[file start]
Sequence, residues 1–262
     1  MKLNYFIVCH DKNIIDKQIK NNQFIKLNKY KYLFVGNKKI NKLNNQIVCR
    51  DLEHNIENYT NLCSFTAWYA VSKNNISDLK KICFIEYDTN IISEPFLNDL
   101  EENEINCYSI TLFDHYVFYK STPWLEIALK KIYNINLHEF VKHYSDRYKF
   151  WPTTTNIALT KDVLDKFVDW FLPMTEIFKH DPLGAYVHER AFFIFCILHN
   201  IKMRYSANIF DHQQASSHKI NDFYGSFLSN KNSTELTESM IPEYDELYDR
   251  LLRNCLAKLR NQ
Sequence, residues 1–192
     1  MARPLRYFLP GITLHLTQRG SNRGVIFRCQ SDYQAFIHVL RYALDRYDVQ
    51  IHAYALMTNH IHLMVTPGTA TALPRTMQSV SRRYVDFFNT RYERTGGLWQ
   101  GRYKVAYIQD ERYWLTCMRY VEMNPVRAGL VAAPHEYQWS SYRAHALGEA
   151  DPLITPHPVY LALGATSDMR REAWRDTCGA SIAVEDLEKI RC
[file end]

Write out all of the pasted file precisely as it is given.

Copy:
Sequence, residues 1–262
     1  MKLNYFIVCH DKNIIDKQIK NNQFIKLNKY KYLFVGNKKI NKLNNQIVCR
    51  DLEHNIENYT NLCSFTAWYA VSKNNISDLK KICFIEYDTN IISEPFLNDL
   101  EENEINCYSI TLFDHYVFYK STPWLEIALK KIYNINLHEF VKHYSDRYKF
   151  WPTTTNIALT KDVLDKFVDW FLPMTEIFKH DPLGAYVHER AFFIFCILHN
   201  IKMRYSANIF DHQQASSHKI NDFYGSFLSN KNSTELTESM IPEYDELYDR
   251  LLRNCLAKLR NQ
Sequence, residues 1–192
     1  MARPLRYFLP GITLHLTQRG SNRGVIFRCQ SDYQAFIHVL RYALDRYDVQ
    51  IHAYALMTNH IHLMVTPGTA TALPRTMQSV SRRYVDFFNT RYERTGGLWQ
   101  GRYKVAYIQD ERYWLTCMRY VEMNPVRAGL VAAPHEYQWS SYRAHALGEA
   151  DPLITPHPVY LALGATSDMR REAWRDTCGA SIAVEDLEKI RC